4) In what way does the force between the block and the rubber band vary as the rubber bands are stretched? Describe an experiment that could be conducted to test this relationship.

The more the rubber bands are stretched, the more energy they store and the harder they pull on the 2x4 block. The block could be positioned so that the rubber bands hang down from the table. Then the length of the string of rubber bands could be measured with various amounts of weight hanging from them. A plot of length versus weight should be linear, with a slope equal to the elastic constant of the rubber bands.

5) Does the probability that the block will slip during the next interval of time depend on the history of past block movements? Explain your answer.

Yes. The more the rubber bands have been stretched from past movement of their free end, the greater the force on the 2x4 block and the greater the chance that the block will slip during the next interval of time. This is similar to the situation with the Earth's faults. If a fault is known to be active, then the longer it has resisted slip, the more dangerous is becomes. Unfortunately, if this time interval is 100 years or more, people that live near the fault tend reduce their concern for future earthquakes, even as the concern should be increasing year by year. Seismologists today can not predict exactly when or where an earthquake will occur, but they can make decade-long* forecasts about the probability of earthquakes within a given region.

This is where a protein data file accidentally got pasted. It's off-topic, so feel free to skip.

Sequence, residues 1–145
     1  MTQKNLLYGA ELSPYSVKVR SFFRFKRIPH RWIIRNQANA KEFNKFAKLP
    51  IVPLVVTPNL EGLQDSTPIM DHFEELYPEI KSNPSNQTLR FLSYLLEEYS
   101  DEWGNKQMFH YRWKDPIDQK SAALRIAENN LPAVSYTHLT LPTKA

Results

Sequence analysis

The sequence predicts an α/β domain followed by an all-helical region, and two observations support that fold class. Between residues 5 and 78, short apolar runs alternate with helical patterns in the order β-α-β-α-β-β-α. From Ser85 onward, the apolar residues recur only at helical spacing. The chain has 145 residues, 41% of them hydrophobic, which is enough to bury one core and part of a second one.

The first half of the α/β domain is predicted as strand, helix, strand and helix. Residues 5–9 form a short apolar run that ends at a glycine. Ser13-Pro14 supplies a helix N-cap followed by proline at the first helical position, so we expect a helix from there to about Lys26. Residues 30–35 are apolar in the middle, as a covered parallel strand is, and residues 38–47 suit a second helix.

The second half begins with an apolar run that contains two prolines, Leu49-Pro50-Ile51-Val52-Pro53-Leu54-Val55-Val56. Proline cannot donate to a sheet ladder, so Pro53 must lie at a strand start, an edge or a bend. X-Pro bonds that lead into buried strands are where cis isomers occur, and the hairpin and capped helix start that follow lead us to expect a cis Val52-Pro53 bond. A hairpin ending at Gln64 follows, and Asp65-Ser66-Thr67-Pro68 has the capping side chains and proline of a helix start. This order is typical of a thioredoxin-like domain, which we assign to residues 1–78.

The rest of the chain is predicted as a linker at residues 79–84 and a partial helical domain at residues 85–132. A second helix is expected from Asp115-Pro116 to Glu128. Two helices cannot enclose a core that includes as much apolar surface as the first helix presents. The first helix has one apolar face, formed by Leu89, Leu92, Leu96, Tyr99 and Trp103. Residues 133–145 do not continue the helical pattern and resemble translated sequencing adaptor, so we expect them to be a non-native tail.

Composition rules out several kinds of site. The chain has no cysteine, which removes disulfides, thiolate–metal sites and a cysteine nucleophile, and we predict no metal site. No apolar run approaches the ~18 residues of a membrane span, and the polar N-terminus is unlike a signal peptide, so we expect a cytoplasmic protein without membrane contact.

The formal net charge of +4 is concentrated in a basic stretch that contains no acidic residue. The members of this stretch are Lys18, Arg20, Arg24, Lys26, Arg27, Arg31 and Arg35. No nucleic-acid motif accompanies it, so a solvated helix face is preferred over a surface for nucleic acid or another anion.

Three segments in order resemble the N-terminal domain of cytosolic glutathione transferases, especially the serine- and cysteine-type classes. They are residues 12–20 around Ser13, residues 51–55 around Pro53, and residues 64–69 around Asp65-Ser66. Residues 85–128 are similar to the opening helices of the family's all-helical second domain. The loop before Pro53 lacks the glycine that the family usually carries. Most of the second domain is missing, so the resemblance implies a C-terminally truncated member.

6) Compare and contrast this lab with the elastic-rebound process that generates earthquakes in the Earth.